Updated: 2 days ago
Twenty dollars can make a difference.
I’ve heard it before. Deep down, I do believe this is true, and I find it very encouraging. And yet, when it comes to me actually giving twenty dollars, I never feel like it’s enough. There are so many needs in the world. I can easily get overwhelmed and feel like I have to solve them all, all by myself.
In 2020, my friend’s dad died, and I coordinated a group gift for her. I wanted to get her something tangible she could hold, as a reminder that she is never alone, that there are many people who love and support her in the midst of this grief and the hard seasons of life.
I reached out to ten or fifteen mutual friends and said, “Hey, I'm organizing this gift. If you want to give money, any amount is great. No amount is too small.” In the moment of writing it, I meant it. I knew deep down that however much money I collected would be exactly what I needed to provide love and support for my friend.
The ten or fifteen people I emailed forwarded the opportunity on to other friends. Some people gave $5, some people gave $7. I think maybe one person gave $100, but most people gave $20-25.
Within a matter of days, I had plenty of money to buy a meaningful gift for my friend. I had so much extra, I was able to get her gift cards for groceries and restaurants, to provide for her while she was dealing with funeral arrangements under the fog of grief.
I had a front row seat to the proof that every little bit counts, that a $20—or $7— donation makes a difference.
And yet …
Two months ago, my husband and I set aside $100 to give to charity. Without hesitation, I threw out the name of an organization. My husband pushed back, “What if we broke it up into $20 portions and gave to five different charities?”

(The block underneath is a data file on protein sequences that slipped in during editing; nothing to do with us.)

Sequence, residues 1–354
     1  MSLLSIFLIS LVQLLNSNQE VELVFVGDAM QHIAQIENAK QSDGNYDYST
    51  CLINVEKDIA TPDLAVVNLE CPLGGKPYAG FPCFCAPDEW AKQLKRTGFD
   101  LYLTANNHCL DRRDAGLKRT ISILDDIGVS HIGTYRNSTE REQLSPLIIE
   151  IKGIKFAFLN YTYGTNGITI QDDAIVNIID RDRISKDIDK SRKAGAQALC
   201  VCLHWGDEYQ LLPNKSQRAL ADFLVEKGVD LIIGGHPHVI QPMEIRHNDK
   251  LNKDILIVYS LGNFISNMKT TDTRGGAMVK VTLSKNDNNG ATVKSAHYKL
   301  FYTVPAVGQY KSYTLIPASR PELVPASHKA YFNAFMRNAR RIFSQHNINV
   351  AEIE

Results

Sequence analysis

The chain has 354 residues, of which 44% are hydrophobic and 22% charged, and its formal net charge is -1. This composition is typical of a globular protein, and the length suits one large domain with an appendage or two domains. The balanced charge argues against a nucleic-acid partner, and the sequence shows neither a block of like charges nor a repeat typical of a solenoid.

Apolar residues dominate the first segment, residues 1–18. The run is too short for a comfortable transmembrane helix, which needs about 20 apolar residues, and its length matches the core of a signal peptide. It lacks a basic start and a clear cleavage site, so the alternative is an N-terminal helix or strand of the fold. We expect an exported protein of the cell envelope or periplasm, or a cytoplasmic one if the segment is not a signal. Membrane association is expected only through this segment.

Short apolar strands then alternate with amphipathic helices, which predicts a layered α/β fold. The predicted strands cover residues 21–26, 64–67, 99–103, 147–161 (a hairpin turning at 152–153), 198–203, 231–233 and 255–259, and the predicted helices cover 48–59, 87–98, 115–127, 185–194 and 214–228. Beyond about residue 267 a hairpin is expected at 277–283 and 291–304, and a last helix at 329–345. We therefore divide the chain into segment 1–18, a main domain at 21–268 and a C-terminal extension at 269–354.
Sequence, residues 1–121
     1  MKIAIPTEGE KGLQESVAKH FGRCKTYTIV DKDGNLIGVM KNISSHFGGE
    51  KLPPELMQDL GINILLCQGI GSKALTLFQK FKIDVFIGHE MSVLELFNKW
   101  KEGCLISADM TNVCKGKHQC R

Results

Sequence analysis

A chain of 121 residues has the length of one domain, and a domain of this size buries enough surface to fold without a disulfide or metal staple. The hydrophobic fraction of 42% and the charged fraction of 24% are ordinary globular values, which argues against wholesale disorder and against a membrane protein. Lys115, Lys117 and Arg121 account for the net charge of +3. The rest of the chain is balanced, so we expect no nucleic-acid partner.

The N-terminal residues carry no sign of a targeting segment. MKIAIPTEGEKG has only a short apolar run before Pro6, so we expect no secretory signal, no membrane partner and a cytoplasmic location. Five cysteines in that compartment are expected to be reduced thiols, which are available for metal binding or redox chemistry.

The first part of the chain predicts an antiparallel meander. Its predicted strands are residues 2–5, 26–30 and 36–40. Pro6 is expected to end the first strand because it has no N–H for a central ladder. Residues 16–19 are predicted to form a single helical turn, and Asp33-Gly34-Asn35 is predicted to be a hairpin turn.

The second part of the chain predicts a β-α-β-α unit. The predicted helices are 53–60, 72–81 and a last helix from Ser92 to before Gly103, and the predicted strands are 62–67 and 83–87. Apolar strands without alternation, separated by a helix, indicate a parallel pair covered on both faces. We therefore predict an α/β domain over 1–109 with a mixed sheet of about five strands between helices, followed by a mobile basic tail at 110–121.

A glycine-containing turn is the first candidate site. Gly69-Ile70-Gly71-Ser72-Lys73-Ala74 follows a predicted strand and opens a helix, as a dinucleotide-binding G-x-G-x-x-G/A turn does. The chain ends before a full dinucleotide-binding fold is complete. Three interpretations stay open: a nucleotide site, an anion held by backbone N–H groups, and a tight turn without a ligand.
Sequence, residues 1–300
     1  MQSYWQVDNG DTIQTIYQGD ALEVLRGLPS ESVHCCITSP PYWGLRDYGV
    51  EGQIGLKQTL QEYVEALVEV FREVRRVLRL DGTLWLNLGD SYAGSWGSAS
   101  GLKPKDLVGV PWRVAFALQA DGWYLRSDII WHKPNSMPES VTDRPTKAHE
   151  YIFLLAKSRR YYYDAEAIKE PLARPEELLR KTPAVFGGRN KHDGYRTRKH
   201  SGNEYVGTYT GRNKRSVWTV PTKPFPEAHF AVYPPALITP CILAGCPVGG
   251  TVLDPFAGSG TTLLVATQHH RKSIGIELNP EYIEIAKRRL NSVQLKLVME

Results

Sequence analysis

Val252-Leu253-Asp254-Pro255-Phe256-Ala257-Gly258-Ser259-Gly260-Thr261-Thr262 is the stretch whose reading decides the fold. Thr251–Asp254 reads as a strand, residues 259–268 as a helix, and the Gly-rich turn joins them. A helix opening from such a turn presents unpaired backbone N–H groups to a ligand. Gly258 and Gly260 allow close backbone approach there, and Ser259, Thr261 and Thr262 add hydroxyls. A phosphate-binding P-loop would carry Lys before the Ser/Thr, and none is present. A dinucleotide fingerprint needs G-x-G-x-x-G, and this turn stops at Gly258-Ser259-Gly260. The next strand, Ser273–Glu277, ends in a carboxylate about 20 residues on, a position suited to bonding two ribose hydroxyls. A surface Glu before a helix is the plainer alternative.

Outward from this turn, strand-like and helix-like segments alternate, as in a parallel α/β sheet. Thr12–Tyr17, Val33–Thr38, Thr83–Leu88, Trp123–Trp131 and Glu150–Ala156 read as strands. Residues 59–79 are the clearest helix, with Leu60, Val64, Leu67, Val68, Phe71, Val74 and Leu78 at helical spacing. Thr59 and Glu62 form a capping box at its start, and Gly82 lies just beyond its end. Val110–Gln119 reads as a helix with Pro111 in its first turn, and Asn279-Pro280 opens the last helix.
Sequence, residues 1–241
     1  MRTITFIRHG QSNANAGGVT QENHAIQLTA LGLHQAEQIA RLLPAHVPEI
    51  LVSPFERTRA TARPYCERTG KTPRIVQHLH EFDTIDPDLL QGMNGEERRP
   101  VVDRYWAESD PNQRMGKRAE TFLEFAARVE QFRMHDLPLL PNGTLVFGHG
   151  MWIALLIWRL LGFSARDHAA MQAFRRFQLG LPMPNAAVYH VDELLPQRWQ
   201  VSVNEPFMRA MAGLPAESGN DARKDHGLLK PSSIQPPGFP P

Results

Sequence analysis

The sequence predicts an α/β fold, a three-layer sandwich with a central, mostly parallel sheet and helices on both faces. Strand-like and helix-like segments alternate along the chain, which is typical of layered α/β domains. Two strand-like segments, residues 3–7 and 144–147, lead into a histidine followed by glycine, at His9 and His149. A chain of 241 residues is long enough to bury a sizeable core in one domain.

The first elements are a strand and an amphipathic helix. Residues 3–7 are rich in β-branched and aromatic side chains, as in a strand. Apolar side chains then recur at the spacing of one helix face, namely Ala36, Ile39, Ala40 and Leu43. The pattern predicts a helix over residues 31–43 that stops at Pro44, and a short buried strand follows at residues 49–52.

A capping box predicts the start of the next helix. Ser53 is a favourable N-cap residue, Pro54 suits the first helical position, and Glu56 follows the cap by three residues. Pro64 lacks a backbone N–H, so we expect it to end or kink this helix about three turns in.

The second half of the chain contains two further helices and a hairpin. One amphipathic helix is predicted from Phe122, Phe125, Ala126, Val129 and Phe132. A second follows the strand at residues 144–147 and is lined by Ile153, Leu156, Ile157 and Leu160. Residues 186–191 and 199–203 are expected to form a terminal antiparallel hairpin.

The perfect opportunity to apply my recently illustrated lesson.
As I started putting together a list of charities, I found myself wanting to give each charity the full $100. If I were to do that, I would need $500, which I didn’t have.
My computer sat with charity websites open to “donate” pages, and it took me a couple days to schedule the actual transactions. Every time I looked at a donation page, I felt like I wasn't doing enough. I wasn't giving enough. I wasn't supporting with enough. What was twenty dollars going to help them accomplish?
Finally, I forced myself to act. The money wasn’t helping anyone just sitting in my account. Plus, just because I “only” give $20 right now doesn't mean I can't give another $20 next month, or three months from now, or whatever.
So I made the donations: $20 to five different charities, and honestly, once it was done, I didn't feel great. I didn't feel terrible. It was just done and no longer on my mind.
A week later, I got a card in the mail from one of the organizations. A thank you card. A personalized, handwritten thank you card. For my $20 donation. “Thank you so much for your recent donation. We’re so thankful to have you as part of the family.”
I was in absolute disbelief that someone would take the time, effort, and energy to hand-write a thank you card for $20. After I had struggled so much, I was touched to know that my donation mattered enough to warrant a response.
My husband and I have both been personally impacted by this specific organization, as have several friends of ours. I know, deep down, that if every single person who has been affected by them gave just $20, they'd be set.
So I am actively challenging myself to press into this notion that giving, even a little, matters.
I’m reminding myself that giving $20 can and will make a difference. If I give my $20, and you give yours and someone else gives theirs, eventually that becomes $100, then $1,000, then $10,000.
It's not up to just one person to save the world, which is how I often feel. It is the cumulative whole, everyone working together, that makes a real impact.
Saving the world isn’t completely on my shoulders. It really is up to all of us, and when we each show up and give our little bit, it adds up to make a big difference.